Regardless of constitutional laws, it is generally ignored most of the time. No efforts are made by lawmakers to check their bills in order to see if they follow constitutional requirements. The federal courts never refer to the Constitution; they operate under “case law” of precedent vs. what the Constitution actually says. Therefore, one bad decision promotes another.
Individualism vs. Collectivism
The concept of natural rights is corrupted by an opposing human psyche, described as people who are willing to forfeit their natural rights for the sake of the security from the common “collective”.
Individualism – One Who Believes in Freedom
An individualist treasures their natural rights and is generally successful under a social system that is not burdening, and controlling. They thrive with their freedom and achieve a high level of success. Conversely they also accept failure from either bad judgement, poor planning or just bad luck. They thrive on the notion that they will keep what they gain. Striving for gain is part of the individualist’s self-esteem in knowing they are secure in their future.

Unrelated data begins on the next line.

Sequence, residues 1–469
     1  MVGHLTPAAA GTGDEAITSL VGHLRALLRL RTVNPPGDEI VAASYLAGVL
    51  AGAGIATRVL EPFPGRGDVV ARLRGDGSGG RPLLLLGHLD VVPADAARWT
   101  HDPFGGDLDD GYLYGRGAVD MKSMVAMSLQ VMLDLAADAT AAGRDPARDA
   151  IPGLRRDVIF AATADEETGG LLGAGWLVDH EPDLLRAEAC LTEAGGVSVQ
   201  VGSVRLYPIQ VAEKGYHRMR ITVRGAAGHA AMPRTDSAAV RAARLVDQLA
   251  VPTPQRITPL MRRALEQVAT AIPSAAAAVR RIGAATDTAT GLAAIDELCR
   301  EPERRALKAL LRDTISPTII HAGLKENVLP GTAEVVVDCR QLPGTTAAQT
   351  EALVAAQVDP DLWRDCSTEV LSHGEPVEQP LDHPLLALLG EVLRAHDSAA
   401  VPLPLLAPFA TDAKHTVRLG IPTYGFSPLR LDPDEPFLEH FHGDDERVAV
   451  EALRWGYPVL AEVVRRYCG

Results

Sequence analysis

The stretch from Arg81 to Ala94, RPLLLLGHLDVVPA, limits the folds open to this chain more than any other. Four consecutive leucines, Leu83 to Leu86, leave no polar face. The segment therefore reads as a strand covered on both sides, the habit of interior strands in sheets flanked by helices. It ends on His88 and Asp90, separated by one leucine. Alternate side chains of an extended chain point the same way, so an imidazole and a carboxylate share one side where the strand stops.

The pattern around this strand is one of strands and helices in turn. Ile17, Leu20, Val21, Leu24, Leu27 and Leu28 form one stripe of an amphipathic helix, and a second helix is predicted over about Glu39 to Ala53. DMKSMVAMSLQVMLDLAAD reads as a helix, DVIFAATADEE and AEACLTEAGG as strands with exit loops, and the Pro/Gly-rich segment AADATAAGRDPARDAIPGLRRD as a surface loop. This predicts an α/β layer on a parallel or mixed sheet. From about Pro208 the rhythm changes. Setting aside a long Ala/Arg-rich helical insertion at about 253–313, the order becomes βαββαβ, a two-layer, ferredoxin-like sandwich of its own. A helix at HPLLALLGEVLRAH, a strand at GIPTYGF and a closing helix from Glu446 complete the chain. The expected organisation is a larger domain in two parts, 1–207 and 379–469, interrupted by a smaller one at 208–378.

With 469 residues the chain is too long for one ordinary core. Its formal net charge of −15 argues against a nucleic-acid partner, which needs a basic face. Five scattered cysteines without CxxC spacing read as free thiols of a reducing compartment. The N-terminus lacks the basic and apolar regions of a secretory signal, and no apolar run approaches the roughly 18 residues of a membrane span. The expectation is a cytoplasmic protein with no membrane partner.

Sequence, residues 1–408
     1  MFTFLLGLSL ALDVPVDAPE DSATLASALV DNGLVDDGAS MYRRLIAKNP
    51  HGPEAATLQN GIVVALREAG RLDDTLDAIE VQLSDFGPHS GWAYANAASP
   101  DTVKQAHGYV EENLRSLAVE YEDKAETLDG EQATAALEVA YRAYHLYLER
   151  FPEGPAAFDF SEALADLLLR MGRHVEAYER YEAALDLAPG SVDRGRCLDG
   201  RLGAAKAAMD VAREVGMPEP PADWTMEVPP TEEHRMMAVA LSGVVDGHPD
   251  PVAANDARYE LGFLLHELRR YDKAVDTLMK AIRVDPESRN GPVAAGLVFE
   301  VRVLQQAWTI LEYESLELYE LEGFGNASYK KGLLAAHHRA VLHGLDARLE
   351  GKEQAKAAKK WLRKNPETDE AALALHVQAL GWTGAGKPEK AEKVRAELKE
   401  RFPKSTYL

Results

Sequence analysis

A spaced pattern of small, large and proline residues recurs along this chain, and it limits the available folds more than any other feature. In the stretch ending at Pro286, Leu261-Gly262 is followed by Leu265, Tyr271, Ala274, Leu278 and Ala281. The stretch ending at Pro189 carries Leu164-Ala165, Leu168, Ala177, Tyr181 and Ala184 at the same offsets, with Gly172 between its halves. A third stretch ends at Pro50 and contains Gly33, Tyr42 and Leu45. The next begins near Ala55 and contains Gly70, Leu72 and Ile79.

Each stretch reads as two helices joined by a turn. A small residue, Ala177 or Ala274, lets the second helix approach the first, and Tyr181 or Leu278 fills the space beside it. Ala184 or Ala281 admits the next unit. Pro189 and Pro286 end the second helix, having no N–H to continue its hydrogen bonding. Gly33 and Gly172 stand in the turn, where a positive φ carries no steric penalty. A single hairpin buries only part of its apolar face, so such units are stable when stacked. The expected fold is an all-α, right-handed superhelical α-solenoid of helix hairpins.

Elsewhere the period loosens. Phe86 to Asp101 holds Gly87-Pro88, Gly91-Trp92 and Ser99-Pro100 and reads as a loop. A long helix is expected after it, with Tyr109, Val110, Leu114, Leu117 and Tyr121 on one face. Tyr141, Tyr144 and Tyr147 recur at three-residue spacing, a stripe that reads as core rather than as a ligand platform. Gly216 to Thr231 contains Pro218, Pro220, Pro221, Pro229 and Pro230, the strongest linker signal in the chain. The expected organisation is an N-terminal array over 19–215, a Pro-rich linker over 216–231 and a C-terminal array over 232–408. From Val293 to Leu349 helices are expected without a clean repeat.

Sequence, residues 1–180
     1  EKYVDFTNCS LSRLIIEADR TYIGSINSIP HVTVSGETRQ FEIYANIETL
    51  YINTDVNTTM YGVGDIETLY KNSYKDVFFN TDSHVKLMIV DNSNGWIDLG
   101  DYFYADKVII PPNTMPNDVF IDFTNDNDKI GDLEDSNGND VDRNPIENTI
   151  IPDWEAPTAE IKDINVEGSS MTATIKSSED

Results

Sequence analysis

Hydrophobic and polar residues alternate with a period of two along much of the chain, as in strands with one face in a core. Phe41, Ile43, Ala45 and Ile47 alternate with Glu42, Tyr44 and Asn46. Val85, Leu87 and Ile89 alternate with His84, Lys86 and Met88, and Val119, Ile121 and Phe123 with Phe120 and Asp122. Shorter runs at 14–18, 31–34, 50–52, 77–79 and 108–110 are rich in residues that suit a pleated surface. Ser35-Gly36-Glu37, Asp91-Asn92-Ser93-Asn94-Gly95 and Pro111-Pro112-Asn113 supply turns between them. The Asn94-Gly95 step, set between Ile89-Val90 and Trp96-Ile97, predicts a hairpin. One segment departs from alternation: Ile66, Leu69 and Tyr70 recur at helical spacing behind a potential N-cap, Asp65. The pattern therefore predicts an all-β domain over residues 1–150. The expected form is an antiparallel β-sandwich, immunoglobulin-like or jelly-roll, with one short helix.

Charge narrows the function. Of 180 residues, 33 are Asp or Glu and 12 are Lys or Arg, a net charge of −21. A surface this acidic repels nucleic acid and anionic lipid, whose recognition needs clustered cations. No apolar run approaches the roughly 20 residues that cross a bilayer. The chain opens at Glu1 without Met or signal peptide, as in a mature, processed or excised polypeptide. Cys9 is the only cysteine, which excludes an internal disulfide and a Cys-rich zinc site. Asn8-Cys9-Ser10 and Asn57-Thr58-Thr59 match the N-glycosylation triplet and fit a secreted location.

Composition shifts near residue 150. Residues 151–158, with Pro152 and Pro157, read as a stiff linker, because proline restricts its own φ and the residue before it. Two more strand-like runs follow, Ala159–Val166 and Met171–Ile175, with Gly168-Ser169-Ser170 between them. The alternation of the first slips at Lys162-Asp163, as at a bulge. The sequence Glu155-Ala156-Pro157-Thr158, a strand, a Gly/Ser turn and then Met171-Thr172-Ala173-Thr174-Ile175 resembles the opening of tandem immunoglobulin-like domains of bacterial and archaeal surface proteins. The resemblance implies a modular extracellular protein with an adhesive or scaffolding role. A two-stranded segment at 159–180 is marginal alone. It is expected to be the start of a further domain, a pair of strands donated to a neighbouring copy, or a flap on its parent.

What does the individualist believe?:
- The rights of the individualist are not obliterated by the desires of the Collectivist, or the group
- With rights comes responsibilities. They accept individual responsibilities over group responsibilities
- They have the personal responsibility to provide first for themselves, next for their family, then for those outside their family who may be in need. The individualist wants to be free to do it themselves
Collectivism – One Who Believes in Compulsion
A collectivist is in favor of doing things as a group. They rely on the the government as much as possible. Failure for the collectivist is not their fault even though it may be the fault of their poor planning and judgement. It must be the fault of something else. The government is there to take care of everything that doesn’t go right for them.
What does the Collectivist believe?:
- The group is more important than a single person within it. The individual must be sacrificed for the greater good of the greater number
- The Collectivist declares that the individual is not personally responsible for charity, for raising their own children, providing for their aging parents, or even providing for themselves. This is a group function of the State, of the government, itself
- The Collectivist is enamored by the government. They idolize the government. They have a fixation with the government as the ultimate mechanism to solve all problems
- They know that the government is the one entity that can force everyone to participate as it has the power of taxation, backed by jails and the force of arms if necessary to compel everyone to “fall in line”
(the above “bullet point” material was transcribed with minor edits from the video “This is the John Birch Society” by G. Edward Griffin, ©December 17, 1969)